Either is Gilbert Arenas.
I have always been a critic of Arenas, seeing him as nothing more than a world-class scorer who kills offensive chemistry and defends about as well as Jim O'Brien coaches. But that was the Arenas who was busy calling out the Duke Blue Devils and tying ridiculous bow ties.
And while only four games have been played, it's clear to see Arenas is a changed man and for the better.
Through four preseason games, Arenas is averaging 14 points and 8 assists per game in only 24 minutes a contest. And yes, you read that right, 8 assists. But the most surprising statistics so far has been his shooting percentages. Arenas is shooting 59 percent from the field and 50 percent from 3-point land.
He is taking less shots and looking to work within in the offense instead of above it. Again, critics will say its preseason, it means nothing — but Arenas' whole approach to the game has changed. He shut down his blog, shut his mouth and wants to let his playing do the talking. Sure, the NBA fined him because he was so silent, but this golden silence is worth every penny.
Arenas' sudden team-first approach could not come a moment sooner. The Wizards acquired Randy Foye and Mike Miller in an effort to make a push for the playoffs. The problem is Foye and Miller have never seen a shot they did not like and either has Arenas. With three guys looking to shoot every time they touch the ball, the super consistent Caron Butler and Antawn Jamison would be left with minimal opportunities.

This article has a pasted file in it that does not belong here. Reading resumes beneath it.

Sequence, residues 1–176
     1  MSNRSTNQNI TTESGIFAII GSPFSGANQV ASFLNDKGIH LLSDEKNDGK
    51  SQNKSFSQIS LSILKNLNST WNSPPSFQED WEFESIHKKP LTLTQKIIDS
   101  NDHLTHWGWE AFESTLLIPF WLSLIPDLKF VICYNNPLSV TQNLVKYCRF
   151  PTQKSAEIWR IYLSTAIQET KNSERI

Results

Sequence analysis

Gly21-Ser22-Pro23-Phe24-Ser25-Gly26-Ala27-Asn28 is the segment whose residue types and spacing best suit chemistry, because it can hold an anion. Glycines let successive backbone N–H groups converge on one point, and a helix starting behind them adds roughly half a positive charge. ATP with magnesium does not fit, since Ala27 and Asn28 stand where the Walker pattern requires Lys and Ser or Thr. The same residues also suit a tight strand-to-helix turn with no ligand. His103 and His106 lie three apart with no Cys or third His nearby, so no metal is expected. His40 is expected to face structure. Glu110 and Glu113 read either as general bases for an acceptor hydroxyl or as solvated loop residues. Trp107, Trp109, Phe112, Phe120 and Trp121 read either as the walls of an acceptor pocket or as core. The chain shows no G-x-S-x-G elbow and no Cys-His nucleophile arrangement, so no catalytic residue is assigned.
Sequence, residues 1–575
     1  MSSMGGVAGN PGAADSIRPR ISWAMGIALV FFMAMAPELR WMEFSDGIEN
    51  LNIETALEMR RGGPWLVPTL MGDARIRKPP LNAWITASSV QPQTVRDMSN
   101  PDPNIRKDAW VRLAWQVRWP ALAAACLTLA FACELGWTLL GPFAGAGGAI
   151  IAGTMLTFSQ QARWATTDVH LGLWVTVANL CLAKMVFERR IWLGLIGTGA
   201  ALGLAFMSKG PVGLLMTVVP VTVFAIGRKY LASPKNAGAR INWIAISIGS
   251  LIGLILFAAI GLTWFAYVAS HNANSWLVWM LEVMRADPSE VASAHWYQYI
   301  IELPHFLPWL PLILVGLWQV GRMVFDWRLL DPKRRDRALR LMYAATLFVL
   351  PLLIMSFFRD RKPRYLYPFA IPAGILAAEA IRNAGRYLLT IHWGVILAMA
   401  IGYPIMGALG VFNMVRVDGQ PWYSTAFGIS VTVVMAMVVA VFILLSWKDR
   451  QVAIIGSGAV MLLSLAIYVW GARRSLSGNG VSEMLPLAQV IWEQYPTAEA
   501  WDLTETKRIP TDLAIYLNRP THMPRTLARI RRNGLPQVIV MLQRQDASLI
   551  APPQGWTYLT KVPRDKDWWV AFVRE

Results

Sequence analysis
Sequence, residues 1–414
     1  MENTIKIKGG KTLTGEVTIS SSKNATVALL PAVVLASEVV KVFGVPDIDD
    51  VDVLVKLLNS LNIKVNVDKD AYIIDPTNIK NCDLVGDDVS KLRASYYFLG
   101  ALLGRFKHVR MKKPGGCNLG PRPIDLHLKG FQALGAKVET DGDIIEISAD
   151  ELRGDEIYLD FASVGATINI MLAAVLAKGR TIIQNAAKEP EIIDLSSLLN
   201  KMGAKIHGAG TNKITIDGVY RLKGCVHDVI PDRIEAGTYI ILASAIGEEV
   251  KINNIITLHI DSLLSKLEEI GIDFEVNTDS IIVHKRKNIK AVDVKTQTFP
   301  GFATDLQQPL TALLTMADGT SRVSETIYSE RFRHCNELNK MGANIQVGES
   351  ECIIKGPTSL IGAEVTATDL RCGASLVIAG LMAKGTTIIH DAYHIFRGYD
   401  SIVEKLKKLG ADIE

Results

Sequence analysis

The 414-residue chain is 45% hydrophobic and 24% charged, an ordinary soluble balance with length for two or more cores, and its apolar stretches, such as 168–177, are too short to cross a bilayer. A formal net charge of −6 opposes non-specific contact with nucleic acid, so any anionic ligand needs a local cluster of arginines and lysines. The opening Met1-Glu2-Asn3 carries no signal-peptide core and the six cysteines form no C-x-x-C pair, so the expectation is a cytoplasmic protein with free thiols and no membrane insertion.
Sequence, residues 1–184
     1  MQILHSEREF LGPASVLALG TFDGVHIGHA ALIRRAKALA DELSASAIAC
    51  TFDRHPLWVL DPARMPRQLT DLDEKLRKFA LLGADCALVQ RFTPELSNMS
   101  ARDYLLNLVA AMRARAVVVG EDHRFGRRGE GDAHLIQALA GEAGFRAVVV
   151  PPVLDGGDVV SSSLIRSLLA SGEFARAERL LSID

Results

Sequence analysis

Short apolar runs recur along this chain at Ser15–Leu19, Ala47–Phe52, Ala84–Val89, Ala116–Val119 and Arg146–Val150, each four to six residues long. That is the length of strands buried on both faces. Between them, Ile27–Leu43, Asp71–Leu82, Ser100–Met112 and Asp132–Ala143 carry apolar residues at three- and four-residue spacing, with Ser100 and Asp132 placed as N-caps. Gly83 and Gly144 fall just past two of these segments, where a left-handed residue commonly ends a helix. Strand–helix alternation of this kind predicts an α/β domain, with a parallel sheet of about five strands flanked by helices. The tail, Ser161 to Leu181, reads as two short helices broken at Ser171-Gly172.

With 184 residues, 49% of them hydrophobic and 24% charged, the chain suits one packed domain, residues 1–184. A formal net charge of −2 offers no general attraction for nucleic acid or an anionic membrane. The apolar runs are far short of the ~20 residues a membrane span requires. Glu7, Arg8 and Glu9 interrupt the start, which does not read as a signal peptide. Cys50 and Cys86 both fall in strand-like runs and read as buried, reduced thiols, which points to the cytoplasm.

Many experts have projected the Wizards to make the playoffs — some even think they will finish as high as fourth in the Eastern Conference. Before the preseason started, I didn't think playoffs would be a possibility. But after a refreshing approach to the game from their captain, I think they have a good chance to earn anywhere from a No. 8 to No. 6 seed.
A lineup with a focused Arenas, Butler, Jamison and Miller is an offensive juggernaut. Brendan Haywood continues to be grossly overrated, but Andray Blatche and JaVale McGee are starting to come into their own along with sharpshooting Nick Young.
Preseason matters, and Arenas has made the biggest impact with his lack of words. His unselfish and smart plays have the Wizards looking like a playoff squad.
Now if DeShawn Stevenson can follow the leader, Washington might avoid a basketball recession this season.
Arenas went from zero to hero and back to zero. Don't let his number fool you, Arenas is ready to be a hardwood hero once more.